Digitalization can change value and supply chains from supplier to end customer, and there are more and more initiatives of modularization in equipment modules or plant sections.

Explain the attitude of the chemical industry to adopt digital change.

The chemical industry is not forefront but due to long plant life cycles, there is the need of managing changes and lots of data. This industry knows the constraints for competitiveness, for know-how protection, and to cope with ageing personnel, and it will innovate. 

Also, digital transformation stands for a fundamental change in the corporate culture and in business processes, so chemical companies will develop a roadmap to digitalization.

Tell us about the concept of ‘Management of data.’

Digitalization is initially the convergence of the virtual and real worlds over a customer’s entire value chain. It encompasses all the phases of a plant’s life cycle and the use of automation technologies or IT technologies to enhance overall efficiency. For that, we offer life cycle service contracts and services. ‘Management of data’ is generating information and knowledge and not only managing data. Many products already feature built-in intelligence and our digitalization services offer scope for the optimisation of assets, for example, the energy data from drive trains, on the basis of our Sinalytics technology platform.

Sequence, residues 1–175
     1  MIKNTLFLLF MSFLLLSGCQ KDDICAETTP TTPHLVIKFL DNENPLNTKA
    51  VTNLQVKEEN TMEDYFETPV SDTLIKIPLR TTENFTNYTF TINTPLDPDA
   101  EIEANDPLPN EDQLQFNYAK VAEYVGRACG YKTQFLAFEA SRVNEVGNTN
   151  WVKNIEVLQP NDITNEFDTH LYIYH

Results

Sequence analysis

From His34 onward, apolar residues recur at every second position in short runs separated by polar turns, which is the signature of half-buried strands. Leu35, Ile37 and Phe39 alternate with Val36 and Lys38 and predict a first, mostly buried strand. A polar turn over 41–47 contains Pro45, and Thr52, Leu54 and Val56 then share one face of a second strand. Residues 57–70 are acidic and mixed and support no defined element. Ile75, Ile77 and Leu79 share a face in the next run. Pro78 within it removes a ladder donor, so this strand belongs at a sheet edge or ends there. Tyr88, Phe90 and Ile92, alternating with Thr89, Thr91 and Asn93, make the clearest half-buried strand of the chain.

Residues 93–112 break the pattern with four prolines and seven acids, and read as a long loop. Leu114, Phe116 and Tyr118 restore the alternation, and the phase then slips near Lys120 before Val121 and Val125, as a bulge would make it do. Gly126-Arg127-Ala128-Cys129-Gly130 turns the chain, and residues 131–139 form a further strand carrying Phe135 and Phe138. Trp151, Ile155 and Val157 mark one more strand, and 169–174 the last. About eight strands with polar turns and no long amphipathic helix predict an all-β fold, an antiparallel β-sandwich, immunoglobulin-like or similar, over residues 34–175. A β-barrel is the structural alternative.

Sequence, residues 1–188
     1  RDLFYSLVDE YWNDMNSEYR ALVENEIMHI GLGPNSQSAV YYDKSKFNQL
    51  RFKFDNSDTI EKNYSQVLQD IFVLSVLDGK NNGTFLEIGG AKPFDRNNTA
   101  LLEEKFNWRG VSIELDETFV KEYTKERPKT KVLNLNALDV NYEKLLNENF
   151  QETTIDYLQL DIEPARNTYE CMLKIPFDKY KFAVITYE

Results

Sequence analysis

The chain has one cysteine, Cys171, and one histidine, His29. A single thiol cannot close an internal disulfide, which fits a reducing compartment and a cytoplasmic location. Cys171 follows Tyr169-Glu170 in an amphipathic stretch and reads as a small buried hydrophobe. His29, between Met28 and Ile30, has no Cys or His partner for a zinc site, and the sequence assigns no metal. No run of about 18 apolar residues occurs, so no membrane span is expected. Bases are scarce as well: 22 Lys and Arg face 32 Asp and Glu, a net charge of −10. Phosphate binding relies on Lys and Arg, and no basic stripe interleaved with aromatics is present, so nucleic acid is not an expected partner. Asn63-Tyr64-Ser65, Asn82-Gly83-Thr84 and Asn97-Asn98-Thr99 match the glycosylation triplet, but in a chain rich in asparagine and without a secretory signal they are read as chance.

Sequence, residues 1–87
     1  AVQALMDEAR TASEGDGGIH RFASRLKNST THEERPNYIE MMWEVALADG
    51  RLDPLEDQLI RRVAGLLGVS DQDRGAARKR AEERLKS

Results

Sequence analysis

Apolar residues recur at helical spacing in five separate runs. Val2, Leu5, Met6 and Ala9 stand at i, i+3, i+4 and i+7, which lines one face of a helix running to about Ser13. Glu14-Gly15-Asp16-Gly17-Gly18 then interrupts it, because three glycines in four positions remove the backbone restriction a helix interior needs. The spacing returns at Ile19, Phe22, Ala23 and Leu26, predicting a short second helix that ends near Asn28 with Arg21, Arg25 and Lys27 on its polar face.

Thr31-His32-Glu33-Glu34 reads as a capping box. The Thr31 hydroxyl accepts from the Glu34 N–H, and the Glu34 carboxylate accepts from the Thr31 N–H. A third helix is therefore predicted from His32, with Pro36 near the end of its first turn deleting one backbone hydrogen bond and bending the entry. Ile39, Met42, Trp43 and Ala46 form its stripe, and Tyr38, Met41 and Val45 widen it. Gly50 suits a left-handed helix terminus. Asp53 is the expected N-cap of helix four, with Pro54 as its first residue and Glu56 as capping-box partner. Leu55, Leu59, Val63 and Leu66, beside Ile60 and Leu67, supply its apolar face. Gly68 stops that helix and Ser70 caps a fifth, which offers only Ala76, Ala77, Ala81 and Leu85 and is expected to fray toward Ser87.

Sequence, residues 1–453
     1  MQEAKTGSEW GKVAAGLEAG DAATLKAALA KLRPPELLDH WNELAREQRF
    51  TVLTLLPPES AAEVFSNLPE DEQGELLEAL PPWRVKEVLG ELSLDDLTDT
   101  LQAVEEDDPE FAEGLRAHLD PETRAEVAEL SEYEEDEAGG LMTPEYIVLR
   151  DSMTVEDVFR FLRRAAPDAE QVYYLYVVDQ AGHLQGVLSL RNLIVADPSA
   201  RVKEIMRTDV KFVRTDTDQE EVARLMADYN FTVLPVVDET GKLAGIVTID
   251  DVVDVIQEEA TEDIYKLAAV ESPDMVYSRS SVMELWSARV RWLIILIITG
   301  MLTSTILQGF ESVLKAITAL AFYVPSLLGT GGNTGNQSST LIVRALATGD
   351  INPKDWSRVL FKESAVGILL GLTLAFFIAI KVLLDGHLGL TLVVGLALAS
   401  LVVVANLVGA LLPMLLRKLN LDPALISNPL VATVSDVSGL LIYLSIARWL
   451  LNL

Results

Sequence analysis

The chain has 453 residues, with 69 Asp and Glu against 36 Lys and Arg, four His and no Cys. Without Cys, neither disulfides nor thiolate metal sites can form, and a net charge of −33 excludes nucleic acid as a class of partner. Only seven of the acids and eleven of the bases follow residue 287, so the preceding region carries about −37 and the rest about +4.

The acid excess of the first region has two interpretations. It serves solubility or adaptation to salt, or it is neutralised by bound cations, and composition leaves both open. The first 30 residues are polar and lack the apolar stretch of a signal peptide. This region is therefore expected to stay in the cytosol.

Plant Data Services also supply control loop-based analytics over the control system to improve the performance or increase transparency and efficiency. They enable production processes to be adapted to framework conditions such as energy costs or market prices. An ever-increasing number of services and reports are also being offered over the web or cloud. For this, we offer Mindsphere – Siemens Cloud for Industry, a comprehensive low-cost data hosting platform.

What is the challenge for the chemical industry while stepping into digitalization?

The chemical industry has the need to achieve greater productivity, flexibility and efficiency through digitalization. During the lifecycle of a plant, immense data is generated. The companies have concerns about losing this valuable, sometimes proprietary data, and therefore develop competencies, digital strategies, including IT, plant control, personnel, etc.

How does Siemens understand digitalization for the chemical industry?

The trend towards digitalization will continue to gather momentum in the chemical industry. We are ideally prepared to join our customers along the way towards IIC or Industrie 4.0 and set out a roadmap for digitalization. We see us a reliable partner and facilitator.